Fourthly, the new clause allows those who are concerned, for example, about the level of charges or the implementation of the pension share, to raise that with the pensions ombudsman. When a person has a pensions credit awarded in a pension-sharing case, they should be able to complain if it is not handled properly by the scheme.

Finally, a scheme member may raise an issue concerning their pension scheme with the wrong authority, such as an industrial tribunal, which in this instance can be considered a court. Currently, if they do so, even by mistake, the pensions ombudsman cannot later accept the case. The new clause ensures that he can accept the case if it has been referred to court and has been discontinued.

Amendment No. 84 makes consequential changes resulting from new clause 32.

The new clause fills gaps in the pensions ombudsman's jurisdiction. There is a range of issues that the pensions ombudsman can investigate, but there are some issues that he currently cannot investigate. There is no good reason why he should be prevented from doing so and it would be helpful to members and schemes if he could investigate those issues. We consulted on those measures in "Strengthening the Pensions Framework", the consultation document issued at the same time as the Green Paper. There was overwhelming support for them, and I commend the new clause to the House.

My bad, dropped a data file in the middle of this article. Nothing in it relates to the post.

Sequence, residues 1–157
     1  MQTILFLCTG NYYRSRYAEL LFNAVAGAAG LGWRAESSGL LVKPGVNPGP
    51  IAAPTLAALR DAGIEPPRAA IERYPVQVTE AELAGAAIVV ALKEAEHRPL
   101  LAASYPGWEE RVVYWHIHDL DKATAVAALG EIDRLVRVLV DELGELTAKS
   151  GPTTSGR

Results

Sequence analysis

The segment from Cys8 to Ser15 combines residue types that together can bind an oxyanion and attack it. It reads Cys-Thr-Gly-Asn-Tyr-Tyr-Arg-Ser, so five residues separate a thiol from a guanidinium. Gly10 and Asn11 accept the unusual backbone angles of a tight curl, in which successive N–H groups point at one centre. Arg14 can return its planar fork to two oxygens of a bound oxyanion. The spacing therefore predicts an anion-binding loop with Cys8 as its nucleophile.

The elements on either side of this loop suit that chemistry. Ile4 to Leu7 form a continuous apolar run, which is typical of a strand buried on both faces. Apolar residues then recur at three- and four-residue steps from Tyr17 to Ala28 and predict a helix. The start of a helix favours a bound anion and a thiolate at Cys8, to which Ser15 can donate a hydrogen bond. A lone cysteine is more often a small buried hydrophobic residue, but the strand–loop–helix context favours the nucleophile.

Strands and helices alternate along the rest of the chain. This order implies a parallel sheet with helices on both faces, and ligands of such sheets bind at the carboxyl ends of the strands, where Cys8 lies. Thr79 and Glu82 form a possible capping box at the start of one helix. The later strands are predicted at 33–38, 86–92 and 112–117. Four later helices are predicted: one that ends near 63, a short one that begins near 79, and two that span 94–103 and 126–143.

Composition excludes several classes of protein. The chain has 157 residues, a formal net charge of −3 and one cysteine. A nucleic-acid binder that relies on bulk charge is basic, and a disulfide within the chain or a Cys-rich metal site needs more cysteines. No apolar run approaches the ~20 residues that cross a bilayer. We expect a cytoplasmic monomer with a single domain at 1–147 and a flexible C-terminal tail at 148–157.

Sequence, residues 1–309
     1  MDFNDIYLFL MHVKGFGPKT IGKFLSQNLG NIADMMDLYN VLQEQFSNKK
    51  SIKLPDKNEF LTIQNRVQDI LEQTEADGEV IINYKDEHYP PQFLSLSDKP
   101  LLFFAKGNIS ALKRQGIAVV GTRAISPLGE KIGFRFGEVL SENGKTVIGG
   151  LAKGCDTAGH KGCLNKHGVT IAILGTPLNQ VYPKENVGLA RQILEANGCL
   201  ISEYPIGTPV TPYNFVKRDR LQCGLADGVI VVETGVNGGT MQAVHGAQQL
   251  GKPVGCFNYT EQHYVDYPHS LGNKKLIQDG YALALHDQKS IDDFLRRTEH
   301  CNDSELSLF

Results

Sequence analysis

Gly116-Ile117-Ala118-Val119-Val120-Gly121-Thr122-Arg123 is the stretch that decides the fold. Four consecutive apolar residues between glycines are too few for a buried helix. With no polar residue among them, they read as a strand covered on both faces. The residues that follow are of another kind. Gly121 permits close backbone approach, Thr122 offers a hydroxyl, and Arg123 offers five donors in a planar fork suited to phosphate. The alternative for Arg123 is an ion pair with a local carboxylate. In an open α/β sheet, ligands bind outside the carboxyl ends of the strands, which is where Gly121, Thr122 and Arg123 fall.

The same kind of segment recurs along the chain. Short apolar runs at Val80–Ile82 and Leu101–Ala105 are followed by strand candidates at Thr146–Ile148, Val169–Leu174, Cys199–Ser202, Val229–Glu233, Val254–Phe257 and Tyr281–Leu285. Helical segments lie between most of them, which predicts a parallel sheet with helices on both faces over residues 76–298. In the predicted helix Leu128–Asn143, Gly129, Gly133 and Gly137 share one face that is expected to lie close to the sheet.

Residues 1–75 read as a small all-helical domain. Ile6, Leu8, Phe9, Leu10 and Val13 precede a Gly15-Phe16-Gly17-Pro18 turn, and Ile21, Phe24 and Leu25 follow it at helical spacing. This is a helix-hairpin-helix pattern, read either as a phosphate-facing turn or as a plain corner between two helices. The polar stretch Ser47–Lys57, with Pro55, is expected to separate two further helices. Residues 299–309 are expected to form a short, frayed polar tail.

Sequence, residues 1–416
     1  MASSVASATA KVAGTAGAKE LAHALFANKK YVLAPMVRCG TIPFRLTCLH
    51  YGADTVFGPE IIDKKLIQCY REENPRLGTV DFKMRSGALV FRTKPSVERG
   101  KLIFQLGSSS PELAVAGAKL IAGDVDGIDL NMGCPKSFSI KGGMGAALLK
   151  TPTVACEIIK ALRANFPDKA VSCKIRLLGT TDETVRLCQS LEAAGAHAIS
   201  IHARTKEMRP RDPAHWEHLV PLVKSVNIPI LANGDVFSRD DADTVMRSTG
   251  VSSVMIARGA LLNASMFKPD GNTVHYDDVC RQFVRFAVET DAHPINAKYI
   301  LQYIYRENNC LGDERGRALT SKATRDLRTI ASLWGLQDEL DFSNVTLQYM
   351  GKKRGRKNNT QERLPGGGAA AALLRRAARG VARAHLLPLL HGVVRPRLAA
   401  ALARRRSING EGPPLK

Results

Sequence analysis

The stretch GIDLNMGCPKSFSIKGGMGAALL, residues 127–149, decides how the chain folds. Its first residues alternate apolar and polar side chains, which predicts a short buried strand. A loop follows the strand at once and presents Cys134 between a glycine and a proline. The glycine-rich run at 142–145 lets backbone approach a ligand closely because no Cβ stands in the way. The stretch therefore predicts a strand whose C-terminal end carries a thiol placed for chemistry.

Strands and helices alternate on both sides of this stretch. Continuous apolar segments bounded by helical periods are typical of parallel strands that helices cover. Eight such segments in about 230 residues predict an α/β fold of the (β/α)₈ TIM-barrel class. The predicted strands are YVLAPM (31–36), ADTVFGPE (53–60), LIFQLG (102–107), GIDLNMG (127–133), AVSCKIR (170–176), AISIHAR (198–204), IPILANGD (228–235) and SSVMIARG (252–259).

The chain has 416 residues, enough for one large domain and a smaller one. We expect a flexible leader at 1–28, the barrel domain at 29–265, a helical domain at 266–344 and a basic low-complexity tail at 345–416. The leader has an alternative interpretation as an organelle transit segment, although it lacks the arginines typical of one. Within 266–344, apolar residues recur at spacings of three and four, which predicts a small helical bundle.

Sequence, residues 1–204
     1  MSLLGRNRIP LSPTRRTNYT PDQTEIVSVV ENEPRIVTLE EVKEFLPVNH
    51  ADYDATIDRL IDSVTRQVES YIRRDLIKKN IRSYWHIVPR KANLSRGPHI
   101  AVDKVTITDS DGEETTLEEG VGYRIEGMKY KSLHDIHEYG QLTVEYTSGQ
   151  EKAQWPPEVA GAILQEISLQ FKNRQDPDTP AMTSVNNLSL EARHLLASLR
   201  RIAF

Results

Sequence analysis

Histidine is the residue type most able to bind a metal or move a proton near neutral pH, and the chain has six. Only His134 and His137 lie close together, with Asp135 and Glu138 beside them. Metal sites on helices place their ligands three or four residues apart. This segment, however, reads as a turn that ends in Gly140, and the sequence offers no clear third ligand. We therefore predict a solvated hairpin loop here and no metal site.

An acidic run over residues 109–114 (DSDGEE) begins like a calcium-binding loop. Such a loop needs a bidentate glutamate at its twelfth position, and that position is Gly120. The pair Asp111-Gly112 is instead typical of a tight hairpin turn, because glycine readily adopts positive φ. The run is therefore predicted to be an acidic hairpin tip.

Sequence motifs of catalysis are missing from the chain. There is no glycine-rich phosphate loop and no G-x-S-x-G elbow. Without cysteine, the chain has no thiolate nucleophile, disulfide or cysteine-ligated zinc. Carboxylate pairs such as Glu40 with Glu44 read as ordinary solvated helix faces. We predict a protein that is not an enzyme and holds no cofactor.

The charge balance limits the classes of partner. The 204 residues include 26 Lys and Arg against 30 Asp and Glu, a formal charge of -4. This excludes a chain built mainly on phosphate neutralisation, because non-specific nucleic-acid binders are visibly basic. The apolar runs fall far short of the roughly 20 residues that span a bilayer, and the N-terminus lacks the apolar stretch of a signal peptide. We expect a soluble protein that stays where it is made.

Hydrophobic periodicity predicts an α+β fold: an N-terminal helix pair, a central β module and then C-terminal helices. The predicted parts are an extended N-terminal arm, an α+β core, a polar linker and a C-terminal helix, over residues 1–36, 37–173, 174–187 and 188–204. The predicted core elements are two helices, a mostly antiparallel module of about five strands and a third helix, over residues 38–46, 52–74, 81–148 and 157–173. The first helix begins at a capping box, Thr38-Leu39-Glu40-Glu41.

I turn now to new clause 22, to which I presume the hon. Member for Beckenham (Mrs. Lait) will speak. The matter was raised in Committee, and I agreed that it was a legitimate question that should be debated. We all want to ensure that pension schemes and other financial products are properly regulated and that there are routes to deal with consumers' concerns.

As my hon. Friend the Economic Secretary acknowledged when a similar clause was debated during the Report stage of the Financial Services and Markets Bill, there is a certain logic to the proposal. However, there are reasons why both the pensions ombudsman and the Occupational Pensions Regulatory Authority should remain separate from the Financial Services Authority and the financial ombudsman service.